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Brian and Emily Herx on Thursday’s ‘Today’

Furthermore …

An unhealthy environment

Hoosiers celebrated Earth Day in a variety of ways last Sunday, but one woman’s approach might be the most unusual. Andrea Jane Ginther chose to start a fistfight with a woman who tossed a piece of paper on the ground.

Ginther, who told police she “does not take littering lightly,” was driving on the south side of Muncie when she saw the woman toss the trash.

She stopped her car and confronted the alleged litterer. When police arrived a few minutes later, they reported finding Ginther punching the other woman in the face.

They ordered her to stop fighting, but Ginther wouldn’t let go of Mercadies Lanette Kirby’s hair when officer Matthew Hollans and another patrolman tried to separate the women.

Ginther, an Indianapolis resident, was arrested on preliminary charges of battery resulting in bodily injury, resisting law enforcement and disorderly conduct. Kirby also was charged with disorderly conduct.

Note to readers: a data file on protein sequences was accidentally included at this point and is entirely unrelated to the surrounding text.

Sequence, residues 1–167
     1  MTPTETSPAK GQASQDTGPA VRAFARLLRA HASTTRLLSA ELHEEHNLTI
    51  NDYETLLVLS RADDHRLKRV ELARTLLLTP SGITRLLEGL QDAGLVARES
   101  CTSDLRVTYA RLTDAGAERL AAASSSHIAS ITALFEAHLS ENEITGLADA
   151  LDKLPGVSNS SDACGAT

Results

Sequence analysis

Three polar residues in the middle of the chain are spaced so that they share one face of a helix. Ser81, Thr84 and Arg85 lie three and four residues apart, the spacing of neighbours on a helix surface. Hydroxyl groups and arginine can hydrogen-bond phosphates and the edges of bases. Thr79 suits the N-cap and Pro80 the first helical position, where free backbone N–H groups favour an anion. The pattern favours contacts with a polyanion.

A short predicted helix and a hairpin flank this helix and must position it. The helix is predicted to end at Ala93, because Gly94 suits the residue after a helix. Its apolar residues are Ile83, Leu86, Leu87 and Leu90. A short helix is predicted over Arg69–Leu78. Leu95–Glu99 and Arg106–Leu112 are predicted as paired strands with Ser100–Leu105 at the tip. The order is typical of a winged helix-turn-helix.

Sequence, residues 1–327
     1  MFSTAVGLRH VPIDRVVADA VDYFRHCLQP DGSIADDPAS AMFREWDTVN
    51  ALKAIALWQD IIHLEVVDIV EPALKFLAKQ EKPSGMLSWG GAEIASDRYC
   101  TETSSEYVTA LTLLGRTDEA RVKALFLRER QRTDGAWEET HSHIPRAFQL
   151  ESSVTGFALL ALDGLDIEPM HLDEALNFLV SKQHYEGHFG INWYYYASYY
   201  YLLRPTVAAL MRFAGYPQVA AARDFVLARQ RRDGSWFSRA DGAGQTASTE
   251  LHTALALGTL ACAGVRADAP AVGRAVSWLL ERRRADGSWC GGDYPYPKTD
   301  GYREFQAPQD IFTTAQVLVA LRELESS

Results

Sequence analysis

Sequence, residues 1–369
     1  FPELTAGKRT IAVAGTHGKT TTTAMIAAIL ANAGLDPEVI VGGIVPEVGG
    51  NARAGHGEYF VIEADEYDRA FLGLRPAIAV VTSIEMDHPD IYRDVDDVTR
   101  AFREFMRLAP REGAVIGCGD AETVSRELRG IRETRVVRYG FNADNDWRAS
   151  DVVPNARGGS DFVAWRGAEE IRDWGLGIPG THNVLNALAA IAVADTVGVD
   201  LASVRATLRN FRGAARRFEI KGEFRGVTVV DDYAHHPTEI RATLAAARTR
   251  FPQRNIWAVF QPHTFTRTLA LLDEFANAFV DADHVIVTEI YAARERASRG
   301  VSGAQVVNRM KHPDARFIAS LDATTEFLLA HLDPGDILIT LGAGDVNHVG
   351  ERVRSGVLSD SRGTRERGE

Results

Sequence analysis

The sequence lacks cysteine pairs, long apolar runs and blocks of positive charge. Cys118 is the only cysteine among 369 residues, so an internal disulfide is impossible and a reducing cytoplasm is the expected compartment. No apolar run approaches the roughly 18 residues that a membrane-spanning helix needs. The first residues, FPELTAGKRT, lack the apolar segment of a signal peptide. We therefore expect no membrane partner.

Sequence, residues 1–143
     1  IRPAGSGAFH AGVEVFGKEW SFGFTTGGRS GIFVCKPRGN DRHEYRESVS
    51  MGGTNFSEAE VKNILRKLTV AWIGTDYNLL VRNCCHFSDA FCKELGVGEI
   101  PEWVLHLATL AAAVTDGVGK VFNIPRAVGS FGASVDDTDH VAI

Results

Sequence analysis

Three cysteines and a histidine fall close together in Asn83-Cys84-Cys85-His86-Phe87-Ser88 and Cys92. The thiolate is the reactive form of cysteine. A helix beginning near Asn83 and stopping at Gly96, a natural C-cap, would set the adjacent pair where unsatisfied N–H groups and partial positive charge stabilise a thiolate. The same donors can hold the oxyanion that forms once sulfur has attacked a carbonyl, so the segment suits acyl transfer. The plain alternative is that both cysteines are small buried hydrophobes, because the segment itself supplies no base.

‘Today’ features teacher’s case

The Hoagland woman whose lawsuit against the local Catholic diocese is making national news was on “Today” on Thursday; correspondent Katy Tur appeared from Fort Wayne with some local scenes in the background.

Emily Herx seemed poised and somewhat demure as she discussed her love of teaching and surprise over being fired. Herx sometimes deferred to her attorney, Kathleen Delaney, who appeared with her along with Brian Herx, Emily’s husband.

Herx is a sympathetic figure in this case, which has much potential to be of national significance in the debate over how to treat conflicts between religious freedom and law.

Delaney’s comments suggest the legal case may well be complex. The Supreme Court early this year ruled against a Lutheran school teacher who claimed she was the victim of workplace discrimination, giving the religious school a “ministerial exception” to workplace discrimination laws. But, as Delaney noted, the teacher was ordained as a minister, taught religious classes and performed “important religious functions.” Herx, on the other hand, taught English.

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